42b). 4a).” (Ms. . “Entwicklungsstufen--auf jeder treten neue Bedürfnisse von wesensmäßiger Form für diese Stufe auf als dunkle erst in der Erzielung sich enthüllende--also ‘intinktive’ Modi der Ichbewertungen (Gefühle). und eine ursprünglich angepaßte Kinästhese tritt ins Spiel. was es ist.. p. As Husserl also puts this: “Leben ist Streben in mannigfaltigen Formen und Gehalten der Intention und Erfüllung. . In German: “Sowie der Geruch der Mutterbrust und die Lippenberührungsempfindung eintritt. wie Dinge.und Befriedigungsstil von Begierde zur Genuß.. and an originally paired kinesthesia comes into play. p. which is an unfulfilled intention. in fulfillment.” (Ms. und wesensmäßig in einem Stil von ursprünglichen und erworbenen Bedürfnissen. If touching occurs. 42a). so ist der Weg zur Erfüllung aber erst recht forgehender instinktiver Trieb... von Genuß zu Begierde übergehend” (Ms. which bring fulfillment. disclosing the instinctive drive” (Ms. in der Unerfülltheit Hintendieren auf Lust als rein begehrendes Streben oder als sich im erfüllenden Realisieren entspannendes Streben und sich erzielend im Prozeß der Realisierung der in sich entspannten Lebensform der Lust” (Ms. an instinctive directedness towards drinking awakes. Dann in der Erfüllung Schluckbewegungen etc. der Begehrungen oder Erstrebungen. how does it happen? Perhaps the smell alone awakens something else. ist eine instinktive Richtung auf das Trinken geweckt. then the way to fulfillment is first properly an ongoing instinctive drive. Es kann nichts geben. in der Erfüllung im weitesten Sinne Lust. in einem Begehrungs. als den instinktiven Triebe enthüllend. Kommt es nicht alsbald zum Trinken. p.. 36b). die doch kein ‘bewußtes’ Ziel hat. p. C 16 IV. was nicht das Gemüt berührt. p. The extended quote here is: “Bloße Empindungsdaten und in höherer Stufe sinnliche Gegenstände.” “Das Streben ist aber instinktives und instinktiv. A VI 26. sozusagen eine Leerapperzeption. 8a). an empty apperception. Then. . If drinking does not immediately occur. A VI 34. which has no ‘conscious’ goal. A VI 26. 29 30 67 . p. E III 10. [there are] the movements of swallowing. wie ist es da? Etwa der Geruch allein weckt ein Weiteres. sind Abstraktionen.. Ichbedürfnisse. 27 28 As Husserl describes the process: “When the smell of the mother’s breast and the sensations of moving one’s lips occur. der unerfüllte Intention ist. die für das Subjekt da sind aber ‘wertfrei’ da sind. so to speak.26 “Das Ich ist. E III 9. Tritt dann Berührung ein.. 34b). also zunächst unenthüllt ‘gerichtet’ auf die sich ‘künftig’ erst enthüllt konstituierenden weltlichen Einheiten” (Ms. etc. als Erfüllung bringend.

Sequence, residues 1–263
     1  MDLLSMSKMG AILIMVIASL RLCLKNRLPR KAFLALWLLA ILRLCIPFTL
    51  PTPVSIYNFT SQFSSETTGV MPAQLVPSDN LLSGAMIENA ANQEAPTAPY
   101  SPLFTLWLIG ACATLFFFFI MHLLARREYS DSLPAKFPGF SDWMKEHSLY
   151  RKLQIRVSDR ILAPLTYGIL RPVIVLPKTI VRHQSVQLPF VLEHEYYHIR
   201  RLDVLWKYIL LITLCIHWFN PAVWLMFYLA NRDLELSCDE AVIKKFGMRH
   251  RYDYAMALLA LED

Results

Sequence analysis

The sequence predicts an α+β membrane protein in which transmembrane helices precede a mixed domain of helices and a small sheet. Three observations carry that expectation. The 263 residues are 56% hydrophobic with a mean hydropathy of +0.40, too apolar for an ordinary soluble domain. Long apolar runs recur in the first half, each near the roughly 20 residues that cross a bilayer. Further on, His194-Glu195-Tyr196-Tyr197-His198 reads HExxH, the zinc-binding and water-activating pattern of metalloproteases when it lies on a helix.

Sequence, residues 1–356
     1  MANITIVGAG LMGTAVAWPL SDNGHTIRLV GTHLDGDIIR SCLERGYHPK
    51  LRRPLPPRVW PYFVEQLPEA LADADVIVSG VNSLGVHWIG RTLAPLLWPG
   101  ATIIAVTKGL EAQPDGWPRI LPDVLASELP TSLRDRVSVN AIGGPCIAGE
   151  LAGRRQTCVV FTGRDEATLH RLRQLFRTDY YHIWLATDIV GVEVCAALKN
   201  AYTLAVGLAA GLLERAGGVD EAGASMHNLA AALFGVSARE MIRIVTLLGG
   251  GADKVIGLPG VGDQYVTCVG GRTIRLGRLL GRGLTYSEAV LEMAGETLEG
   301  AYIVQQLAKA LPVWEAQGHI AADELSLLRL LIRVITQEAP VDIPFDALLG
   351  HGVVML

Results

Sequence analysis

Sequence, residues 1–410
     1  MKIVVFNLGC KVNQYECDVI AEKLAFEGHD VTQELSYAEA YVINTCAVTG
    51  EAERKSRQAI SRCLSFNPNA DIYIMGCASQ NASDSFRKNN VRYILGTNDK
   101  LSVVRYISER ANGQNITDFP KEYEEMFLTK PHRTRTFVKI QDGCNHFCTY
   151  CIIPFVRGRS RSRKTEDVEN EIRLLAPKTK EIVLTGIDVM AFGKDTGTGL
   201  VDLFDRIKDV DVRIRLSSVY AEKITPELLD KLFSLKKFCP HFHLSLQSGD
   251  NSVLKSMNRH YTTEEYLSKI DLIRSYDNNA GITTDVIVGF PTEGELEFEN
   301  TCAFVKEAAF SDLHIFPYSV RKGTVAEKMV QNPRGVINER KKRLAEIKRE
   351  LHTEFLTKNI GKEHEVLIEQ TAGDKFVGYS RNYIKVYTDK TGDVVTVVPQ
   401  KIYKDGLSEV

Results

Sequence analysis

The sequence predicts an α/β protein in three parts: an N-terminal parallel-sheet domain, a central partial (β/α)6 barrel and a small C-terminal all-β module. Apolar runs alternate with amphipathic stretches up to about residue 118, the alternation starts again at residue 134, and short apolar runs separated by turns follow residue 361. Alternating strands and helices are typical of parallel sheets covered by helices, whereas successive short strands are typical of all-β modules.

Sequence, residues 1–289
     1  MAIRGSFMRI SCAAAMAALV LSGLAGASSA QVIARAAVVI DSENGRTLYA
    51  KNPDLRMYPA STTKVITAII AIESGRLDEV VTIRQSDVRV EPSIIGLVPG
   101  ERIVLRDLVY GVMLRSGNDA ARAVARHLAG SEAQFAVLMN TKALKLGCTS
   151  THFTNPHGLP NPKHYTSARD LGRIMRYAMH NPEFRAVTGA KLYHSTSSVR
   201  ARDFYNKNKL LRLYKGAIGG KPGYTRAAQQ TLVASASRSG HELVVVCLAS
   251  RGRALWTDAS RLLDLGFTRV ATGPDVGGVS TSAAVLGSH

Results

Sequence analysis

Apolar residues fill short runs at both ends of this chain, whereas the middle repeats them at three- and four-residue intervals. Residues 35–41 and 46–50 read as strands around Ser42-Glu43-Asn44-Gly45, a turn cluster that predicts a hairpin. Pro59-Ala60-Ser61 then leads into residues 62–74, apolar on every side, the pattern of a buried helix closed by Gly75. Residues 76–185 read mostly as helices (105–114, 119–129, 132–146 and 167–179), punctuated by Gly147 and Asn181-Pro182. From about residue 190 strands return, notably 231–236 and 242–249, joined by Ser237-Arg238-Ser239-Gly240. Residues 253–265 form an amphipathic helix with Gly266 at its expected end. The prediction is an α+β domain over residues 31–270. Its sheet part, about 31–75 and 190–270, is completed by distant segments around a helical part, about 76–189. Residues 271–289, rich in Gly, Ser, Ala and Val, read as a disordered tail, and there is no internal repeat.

das in der Gegenwart der Zeit steht und worauf vergangene und künftige Zeit sinnhaft bezogen ist” (Ms. Husserl also writes in this regard: “Every instinct is immortal.” In German: “Der Instinkt durchläuft verschiedene Modi. “Hier haben wir den ersten Begriff von Ichzentrierung . to be conscious of something” (Ms.. 26a). In Husserl’s words. 30b)... the ego is the ‘subject’ of consciousness.. as living to experience something. p. p. er nimmt neue Modi an--ich bin weiter immer fort Instinkt-Ich. “I. über sich hinausweisend auf höhere Stufen” (ibid. 45b). und immerfort geht der Prozeß der Enthüllung als Aktprozeß weiter” (Ms.. 34b. gerichtet auf Habe . “Die Instinkte bezeichnen die urtümlichen wesensallgemein alle Entwicklung bestimmenden Urtriebe. hence. It just continues in different modes of realization” (Ms. er efüllt sich. A VI 34. C III 3.. “Da gewinnt das aristotelische ‘Alle Menschen haben von Natur aus Freude and der Sinneswahrnehmug’ seine Wahrheit” (Ms. 5a).. Bedürfnissen (die zunächst noch nicht wissen. In translation: “Here. p. p. p. das Ich ist ‘Subjekt’ des Bewußtseins. .. namely as the ego center that gives the sense of the temporal present. All act-life is a life of striving.” Husserl adds.. von ursprünglischen Trieben. C 13 I .. directed towards possession . nur ist er in verschiedenen Modis der Verwirklichung. Uraffektionen” (ibid.” (Ms. Der Instinkt ist damit nicht zu Ende.. und nun ist das Erfüllungsziel patent .. “continue to be the instinctive ego and the process of revealing continues as an act process... 10b).. die alles Leben als Ichleben und somit lebend etwas zu erleben. . In German: “.” Ms.” Husserl also writes: “. p.” 35 36 37 68 . A VI 34. Alles Aktleben ist strebendes. . “Das strebende Leben..” 32 33 34 This characterization applies to every level of constitutive life. In German: “Jeder Instinkt ist unsterblich. we have the first concept of egological centering . p. C III 3. C 16 IV..31 “Stufen von Instinkten. nämlich als das Ichzentrum... das den Sinn zeitlicher Gegenwart gibt. ‘Subject’ is just another word for the centering that all life has as egological life and. worauf sie hinauswollen). In translation: “The striving life. 13 I.. etwas bewußt zu haben hat. 5a).. systematisch aufeinander gestuft. p. In German: . p. 34a). Subjekt ist dabei nur ein anderes Wort für die Zentrierung.. 4a). the center that stands in the present of time and is that to which past and future time are sensibly referred.